Wednesday, May 01, 2013

"Nothing Really Matters"

A while ago I read a post by someone whose child was ill.  It went something like, people complain about their kids' irritating (shrieking at 2 AM!) or intolerable (running into traffic!) behavior, and I used to be all annoyed because they should be so grateful for their healthy children and nothing else matters. And NOW I just realize I should shake my head, because they don't realize that nothing else matters, those foolish people.

I was all like, why is this so irritating?  And then I realized: it's more pain olympics.  Something bad happened to someone; therefore, any lesser pain, irritation, or inconvenience is as nothing.  You're very ill?  Well, at least you're not DEAD!  (See also: My mother-in-law. Yaaaaargh.)

Okay, fine, my wee toddler throwing up in the middle of the night is only once, but I don't have to be happy about doing vomitous laundry at 3 AM.  Nor do I assert that you, or anyone, is required to be happy about vomitous anything at any hour, without respect to the overall health of your child.

Or, as Miss Piggy says, "Nothing really matters.... but MOIIIIII!"


10 comments:

  1. I call this behaviour the misery wars (and wrote/ranted about it here: http://mrscomethunter.blogspot.ca/2010/10/misery-wars.html). It's like the parent who tells the non-parent that they can't really understand what it's like to be tired until they've had a kid. It drives me batty.

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    1. I'll agree with "don't really understand the desire to throw the baby out the window, before they've had a kid", but I feel the experience could be replicated with any mammal which wishes to scream and eat all night. For a very long time. As for tired.... well, that comes in many forms, right? Eh.

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  2. You've written about this before and I don't know what I said then, but here's my take. I think your annoyance is totally justified. It's a dismissive kind of assertion--"you don't get it." Also a healthy dose of "you are wrong for feeling your natural feelings" and some "you don't love your children enough/ the way you should." F* you, random person.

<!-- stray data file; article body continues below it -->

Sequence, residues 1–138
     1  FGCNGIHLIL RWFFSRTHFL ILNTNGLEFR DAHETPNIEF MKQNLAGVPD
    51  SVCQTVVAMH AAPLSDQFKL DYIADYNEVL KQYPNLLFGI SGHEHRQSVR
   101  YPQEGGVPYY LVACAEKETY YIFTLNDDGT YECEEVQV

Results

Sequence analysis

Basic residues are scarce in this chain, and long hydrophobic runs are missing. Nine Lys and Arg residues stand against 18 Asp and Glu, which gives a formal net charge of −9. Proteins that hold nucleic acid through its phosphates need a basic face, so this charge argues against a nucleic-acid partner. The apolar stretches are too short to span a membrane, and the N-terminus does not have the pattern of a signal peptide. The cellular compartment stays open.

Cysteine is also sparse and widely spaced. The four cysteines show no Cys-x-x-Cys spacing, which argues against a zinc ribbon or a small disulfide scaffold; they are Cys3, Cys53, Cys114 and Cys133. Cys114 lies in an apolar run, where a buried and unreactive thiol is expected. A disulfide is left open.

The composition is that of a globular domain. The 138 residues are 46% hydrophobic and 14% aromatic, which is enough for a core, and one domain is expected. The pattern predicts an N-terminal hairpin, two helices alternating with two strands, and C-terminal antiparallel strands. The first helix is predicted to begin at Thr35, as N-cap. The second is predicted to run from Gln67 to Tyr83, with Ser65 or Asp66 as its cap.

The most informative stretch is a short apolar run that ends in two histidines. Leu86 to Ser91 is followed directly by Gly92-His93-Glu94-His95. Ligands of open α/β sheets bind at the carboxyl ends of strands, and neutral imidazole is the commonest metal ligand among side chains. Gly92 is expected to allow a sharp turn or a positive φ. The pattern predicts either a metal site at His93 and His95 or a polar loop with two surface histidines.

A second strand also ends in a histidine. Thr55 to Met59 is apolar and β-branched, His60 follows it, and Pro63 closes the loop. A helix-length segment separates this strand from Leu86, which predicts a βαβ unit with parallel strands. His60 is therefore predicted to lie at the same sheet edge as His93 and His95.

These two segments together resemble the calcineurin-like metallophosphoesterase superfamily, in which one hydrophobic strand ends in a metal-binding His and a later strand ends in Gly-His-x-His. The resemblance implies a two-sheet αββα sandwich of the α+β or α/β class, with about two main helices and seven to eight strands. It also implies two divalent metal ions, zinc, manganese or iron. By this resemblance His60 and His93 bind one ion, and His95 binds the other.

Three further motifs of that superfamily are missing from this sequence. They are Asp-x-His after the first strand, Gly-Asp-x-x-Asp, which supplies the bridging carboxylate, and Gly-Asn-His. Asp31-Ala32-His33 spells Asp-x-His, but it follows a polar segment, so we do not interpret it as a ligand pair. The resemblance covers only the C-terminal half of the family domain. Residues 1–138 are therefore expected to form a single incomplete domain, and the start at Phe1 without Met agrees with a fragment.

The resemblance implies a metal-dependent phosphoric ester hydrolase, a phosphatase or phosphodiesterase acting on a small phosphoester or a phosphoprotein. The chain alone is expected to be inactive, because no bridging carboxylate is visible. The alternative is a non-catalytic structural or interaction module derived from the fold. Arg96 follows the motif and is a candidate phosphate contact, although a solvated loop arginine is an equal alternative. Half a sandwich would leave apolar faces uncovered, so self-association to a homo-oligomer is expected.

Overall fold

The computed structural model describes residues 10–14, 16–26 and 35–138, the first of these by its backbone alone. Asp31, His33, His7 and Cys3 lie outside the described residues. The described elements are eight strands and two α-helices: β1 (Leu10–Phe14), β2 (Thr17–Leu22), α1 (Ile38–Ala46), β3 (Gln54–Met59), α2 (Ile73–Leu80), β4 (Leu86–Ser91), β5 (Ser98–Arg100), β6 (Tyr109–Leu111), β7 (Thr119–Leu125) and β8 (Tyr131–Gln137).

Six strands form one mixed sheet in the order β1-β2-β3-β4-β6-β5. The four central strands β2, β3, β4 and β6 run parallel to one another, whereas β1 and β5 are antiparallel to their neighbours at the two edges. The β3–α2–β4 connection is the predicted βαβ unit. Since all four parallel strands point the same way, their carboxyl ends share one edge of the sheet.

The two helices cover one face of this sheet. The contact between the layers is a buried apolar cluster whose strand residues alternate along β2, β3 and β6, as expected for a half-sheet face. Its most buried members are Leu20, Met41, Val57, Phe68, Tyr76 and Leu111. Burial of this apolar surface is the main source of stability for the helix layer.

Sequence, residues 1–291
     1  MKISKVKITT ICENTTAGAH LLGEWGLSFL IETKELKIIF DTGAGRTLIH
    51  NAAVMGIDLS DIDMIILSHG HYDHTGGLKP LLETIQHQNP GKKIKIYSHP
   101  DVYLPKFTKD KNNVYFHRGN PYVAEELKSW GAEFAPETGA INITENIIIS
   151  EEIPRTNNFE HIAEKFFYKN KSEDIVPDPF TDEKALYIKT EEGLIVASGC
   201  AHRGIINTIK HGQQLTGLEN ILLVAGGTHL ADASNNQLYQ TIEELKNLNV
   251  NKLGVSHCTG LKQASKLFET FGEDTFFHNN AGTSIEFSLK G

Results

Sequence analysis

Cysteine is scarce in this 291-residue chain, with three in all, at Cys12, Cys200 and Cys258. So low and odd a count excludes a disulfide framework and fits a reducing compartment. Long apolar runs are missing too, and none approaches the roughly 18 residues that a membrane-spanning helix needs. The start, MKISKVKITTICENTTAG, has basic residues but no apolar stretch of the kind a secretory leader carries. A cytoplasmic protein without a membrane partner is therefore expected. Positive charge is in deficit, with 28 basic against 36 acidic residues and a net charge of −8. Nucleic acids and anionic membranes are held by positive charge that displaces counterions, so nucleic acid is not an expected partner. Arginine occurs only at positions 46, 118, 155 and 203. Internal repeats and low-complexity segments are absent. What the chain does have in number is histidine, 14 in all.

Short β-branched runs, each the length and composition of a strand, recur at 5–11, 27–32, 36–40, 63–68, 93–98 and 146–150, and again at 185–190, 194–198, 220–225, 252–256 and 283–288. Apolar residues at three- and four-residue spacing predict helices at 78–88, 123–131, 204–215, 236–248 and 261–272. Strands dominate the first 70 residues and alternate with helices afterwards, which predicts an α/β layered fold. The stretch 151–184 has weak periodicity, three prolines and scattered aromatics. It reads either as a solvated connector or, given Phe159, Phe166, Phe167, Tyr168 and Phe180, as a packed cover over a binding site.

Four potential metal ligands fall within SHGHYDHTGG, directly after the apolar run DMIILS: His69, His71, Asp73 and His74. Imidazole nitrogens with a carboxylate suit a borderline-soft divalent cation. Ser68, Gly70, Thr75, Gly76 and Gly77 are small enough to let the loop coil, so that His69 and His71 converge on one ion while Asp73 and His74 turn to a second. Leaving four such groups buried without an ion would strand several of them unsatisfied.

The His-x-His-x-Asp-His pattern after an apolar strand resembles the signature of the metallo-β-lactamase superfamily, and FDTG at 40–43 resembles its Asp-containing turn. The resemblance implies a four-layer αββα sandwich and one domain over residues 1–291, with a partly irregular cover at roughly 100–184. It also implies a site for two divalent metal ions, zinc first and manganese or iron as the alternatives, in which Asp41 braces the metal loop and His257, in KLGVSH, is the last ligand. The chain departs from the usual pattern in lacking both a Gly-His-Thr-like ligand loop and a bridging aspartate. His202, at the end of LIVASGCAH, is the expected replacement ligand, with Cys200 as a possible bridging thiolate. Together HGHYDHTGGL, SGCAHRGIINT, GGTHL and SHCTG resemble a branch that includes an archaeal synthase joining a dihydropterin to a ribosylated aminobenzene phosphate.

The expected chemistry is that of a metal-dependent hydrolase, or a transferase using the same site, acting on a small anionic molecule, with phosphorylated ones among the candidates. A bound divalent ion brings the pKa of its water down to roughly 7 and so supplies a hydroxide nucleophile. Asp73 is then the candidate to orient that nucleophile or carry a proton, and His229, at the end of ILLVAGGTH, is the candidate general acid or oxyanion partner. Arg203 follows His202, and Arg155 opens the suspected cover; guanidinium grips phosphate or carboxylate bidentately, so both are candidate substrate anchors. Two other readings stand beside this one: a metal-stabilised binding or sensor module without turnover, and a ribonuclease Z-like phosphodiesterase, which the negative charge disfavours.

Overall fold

But I am not annoyed by it. I think it's because I interpret it as "I am forever on the inside of a horrible experience looking out, and if you were on the inside it would forever change you, too, and probably in the following way." And while people experience things very differently, they are probably right--if one of your kids were ill, you might discover that they were spot on. It's like the way kids get told they'll understand when they're older, which is super patronizing, but true. Maybe you've had experiences (depression, graduate school...) that changed you to the extent that you feel like other people are jackasses about that topic. Maybe you're too polite to express such things, but if you feel them on some level, you can relate, maybe? I know I can.

    Obviously these people have the right to express these thoughts and you have the right to be annoyed. Maybe the real reason it doesn't annoy me is 'cause I heavily filter my information flow--people's annoying crap on facebook doesn't annoy me because I'm not on FB, people's annoying blog posts don't annoy me 'cause I don't read many blogs and fairly rapidly stop reading ones that regularly annoy me...Which is all just to say that I am superior to you in many ways. Which I hope you can tell is me being "funny".